It is said that timing is everything. Whether this is true or not it is certain that it is an extremely
important factor when it comes to property investment. The eternal debate that all investors have is whether the timing is right both for the entry and the exit of markets and assets. For many, however, the question is not necessarily one of whether the timing is right or wrong, as the global weight of money and requirement to invest does not allow the luxury of playing a purely cyclical game, but one of whether the timing is acceptable and what other factors are there that can reduce the impact that timing has on an investment.
Market size, economic strength and market
transparency are other aspects that help define
markets for investors. Put simply, the bigger the
market, the stronger the economy, and the more
transparent the market the more attractive it is to investors. This attraction added to a deep market makes for liquidity and liquidity is one of the key
features that helps smooth out inevitable bumps in a market.
It is liquidity that allows easy access to product and that enables exit strategies to be put into place. The absence of liquidity has caused some of the larger and more rapid movements in asset prices that the property markets have witnessed. Paris, I would argue, is a city that offers all of these positive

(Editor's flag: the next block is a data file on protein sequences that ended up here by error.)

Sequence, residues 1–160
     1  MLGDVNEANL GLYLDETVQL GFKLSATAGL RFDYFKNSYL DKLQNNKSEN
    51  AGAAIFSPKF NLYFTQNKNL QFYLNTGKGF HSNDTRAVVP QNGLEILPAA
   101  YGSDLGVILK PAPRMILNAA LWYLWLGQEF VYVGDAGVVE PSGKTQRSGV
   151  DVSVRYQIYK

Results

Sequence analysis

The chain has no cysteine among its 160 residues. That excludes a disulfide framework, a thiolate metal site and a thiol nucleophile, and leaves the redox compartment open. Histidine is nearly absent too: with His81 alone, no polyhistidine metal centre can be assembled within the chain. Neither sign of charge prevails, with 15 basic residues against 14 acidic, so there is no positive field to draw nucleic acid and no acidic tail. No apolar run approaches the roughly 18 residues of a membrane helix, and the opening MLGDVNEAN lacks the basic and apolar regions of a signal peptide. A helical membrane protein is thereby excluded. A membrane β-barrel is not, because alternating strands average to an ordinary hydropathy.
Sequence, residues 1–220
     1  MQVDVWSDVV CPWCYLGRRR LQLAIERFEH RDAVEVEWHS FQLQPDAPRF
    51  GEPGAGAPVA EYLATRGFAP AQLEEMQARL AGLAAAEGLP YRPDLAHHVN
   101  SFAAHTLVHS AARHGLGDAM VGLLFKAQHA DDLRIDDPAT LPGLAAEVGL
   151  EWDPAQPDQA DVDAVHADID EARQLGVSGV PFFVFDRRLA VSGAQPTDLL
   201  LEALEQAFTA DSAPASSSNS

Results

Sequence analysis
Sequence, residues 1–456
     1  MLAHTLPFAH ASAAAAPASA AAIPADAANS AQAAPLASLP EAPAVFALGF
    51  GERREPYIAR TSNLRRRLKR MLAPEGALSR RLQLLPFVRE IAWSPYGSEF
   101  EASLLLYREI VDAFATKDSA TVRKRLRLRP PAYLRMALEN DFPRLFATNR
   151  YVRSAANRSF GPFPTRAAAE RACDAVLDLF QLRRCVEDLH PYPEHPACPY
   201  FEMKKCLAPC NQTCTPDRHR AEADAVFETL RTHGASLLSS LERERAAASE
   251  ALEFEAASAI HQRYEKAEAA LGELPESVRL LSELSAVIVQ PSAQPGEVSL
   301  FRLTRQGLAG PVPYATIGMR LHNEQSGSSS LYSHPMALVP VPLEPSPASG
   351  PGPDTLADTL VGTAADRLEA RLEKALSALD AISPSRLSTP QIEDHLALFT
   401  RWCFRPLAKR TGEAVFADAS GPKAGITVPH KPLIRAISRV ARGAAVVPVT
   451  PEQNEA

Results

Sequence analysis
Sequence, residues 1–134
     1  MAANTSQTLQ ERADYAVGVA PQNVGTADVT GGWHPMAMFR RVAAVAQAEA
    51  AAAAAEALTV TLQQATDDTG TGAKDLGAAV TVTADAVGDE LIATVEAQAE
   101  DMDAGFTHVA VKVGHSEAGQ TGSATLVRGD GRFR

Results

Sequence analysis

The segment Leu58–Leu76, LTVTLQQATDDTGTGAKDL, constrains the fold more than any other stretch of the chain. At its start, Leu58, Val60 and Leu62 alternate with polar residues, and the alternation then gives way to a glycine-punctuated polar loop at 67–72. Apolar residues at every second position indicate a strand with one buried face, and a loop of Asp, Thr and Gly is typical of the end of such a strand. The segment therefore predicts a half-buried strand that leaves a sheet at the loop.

attributes, which is why it is the most popular continental market.
In 2004, property investment in the Ile de France (IDF) reached €10.32bn (a 21% increase compared with 2003), its highest level seen since 1998. Some 90% of the investment was in the office sector, with more than 4% in retail. The office market accounted for €9.28bn – 33% invested in Paris, almost 43% in the Western Business District (including la Défense) and 25% in the suburbs.
Retail in Paris has enjoyed rapid growth in
cross-border investment. Fund managers that have been very active in the office market have become more involved in the retail sector over the past few years, as have a number of other institutional and
private investors. In 2004, the volume of retail
investment in IDF reached €458mn, almost 8%
of total retail investment in continental Europe.
Of the total retail investment, 50% was invested
in Paris and 50% between the inner and outer